lnprice Coef. Std. Err. z P>z [95% Conf. Interval]

herf -.0030196 .0569924 -0.05 0.958 -.1147227 .1086835

pgcirc1 -.0000211 3.93e-06 -5.37 0.000 -.0000288 -.0000134

markets .0009128 .0010585 0.86 0.389 -.0011619 .0029874

entry -.0252725 .0110294 -2.29 0.022 -.0468898 -.0036552

(I cut out the coefficients on a long list of dummies)

_cons 1.127733 .1519215 7.42 0.000 .8299721 1.425493

sigma_u .44605988

sigma_e .15335763

rho .89429288 (fraction of variance due to u_i)

.

end of do-file

At 10:31 AM 6/26/2002 -0500, you wrote:

John Neumann <neumannj@bu.edu> began an interesting thread on this list

yesterday when he asked whether he should use -reg ,cluster(id)-, -xtreg ,

re- or -xtreg, fe- for estimation and inference about his panel data model.

Then anirban basu <abasu@midway.uchicago.edu> and Mark Schaffer

<M.E.Schaffer@hw.ac.uk> both provided interesting responses to John's

original question.

Both Anirban and Mark have pointed out that -regress , cluster(id)- will

provide consistent estimates of the coefficients. There is also agreement

that -xtreg, re- will provide consistent estimates of the coefficients. But

there seems to some discussion of whether -xtreg, fe- will provide consistent

estimates.

In theory, all three estimators (-regress ,cluster(id)-, -xtreg,re- ,

-xtreg, fe-) are consistent estimators of the coefficients for

random-effects data generating processes. To flush the details, consider

the random-effects data generating process

y_it = X_it b + u_i + e_it

where X_it is a 1 x K vector of covariates, b is K x 1 vector of coefficients,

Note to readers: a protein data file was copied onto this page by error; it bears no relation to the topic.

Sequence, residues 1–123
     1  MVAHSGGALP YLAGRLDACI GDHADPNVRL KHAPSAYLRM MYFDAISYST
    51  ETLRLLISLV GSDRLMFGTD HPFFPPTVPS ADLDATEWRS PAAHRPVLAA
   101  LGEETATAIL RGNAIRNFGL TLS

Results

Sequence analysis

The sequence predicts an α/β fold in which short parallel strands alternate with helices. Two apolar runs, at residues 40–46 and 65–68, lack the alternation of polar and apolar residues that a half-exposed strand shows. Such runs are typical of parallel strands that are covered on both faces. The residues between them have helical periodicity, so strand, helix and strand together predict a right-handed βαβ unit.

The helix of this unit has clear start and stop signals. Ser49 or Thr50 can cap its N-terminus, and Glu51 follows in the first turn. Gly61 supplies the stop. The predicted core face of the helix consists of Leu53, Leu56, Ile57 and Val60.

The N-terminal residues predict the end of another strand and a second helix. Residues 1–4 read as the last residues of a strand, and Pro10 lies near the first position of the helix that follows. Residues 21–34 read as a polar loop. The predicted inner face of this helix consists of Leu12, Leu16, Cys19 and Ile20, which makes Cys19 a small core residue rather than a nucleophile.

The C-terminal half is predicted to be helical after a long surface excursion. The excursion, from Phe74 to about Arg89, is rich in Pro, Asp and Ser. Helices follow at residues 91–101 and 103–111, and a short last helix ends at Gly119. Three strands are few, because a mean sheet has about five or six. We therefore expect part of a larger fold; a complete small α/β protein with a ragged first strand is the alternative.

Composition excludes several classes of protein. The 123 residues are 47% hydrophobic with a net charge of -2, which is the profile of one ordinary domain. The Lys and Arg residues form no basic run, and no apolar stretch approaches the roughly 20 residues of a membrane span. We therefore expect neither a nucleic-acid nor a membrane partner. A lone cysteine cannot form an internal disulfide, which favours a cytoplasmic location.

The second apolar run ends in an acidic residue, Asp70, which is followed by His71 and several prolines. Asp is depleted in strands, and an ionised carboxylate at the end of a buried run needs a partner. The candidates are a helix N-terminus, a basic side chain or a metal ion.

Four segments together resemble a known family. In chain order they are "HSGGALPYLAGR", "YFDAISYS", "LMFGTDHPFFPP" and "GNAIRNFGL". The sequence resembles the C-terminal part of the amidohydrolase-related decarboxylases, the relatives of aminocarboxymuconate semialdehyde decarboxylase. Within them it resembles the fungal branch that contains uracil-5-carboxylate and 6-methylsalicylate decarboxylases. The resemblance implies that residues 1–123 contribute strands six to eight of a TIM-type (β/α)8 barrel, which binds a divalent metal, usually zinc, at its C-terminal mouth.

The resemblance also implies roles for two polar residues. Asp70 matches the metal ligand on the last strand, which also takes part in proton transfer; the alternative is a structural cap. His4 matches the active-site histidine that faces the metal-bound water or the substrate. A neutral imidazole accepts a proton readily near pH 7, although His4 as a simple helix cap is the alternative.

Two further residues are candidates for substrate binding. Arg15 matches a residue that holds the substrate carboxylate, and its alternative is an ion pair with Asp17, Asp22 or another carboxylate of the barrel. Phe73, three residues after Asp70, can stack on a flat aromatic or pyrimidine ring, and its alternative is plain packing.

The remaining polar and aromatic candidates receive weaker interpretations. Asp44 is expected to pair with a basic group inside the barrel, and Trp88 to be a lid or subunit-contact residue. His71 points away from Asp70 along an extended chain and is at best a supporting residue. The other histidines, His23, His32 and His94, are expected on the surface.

u_i is identically, independently distributed (iid) over id's,

e_it is iid over the observations, and there is no correlation between

X_it and u_i. Under these assumptions, all three estimators all provide

consistent estimators of the VCE matrix and the resulting Wald tests will

obtain nominal coverage, given enough data.

Another theoretical point is in order. For the random-effects data

generating process -xtreg, re- should provide more efficient estimates of

the coefficients than either of the other two. While -xtreg, fe- should

produce more efficient estimates than -regress, cluster(id)-. (One caveat in

this case is that inference is said to be conditional on the random-effects in

the sample.)

To illustrate these points, I have written a small simulation. The do file

is appended to the below my signature. Breifly the program

i) produces 1000 draws from a parameterization of the

random-effects data generating process

ii) runs the three estimators on each sample, saving off the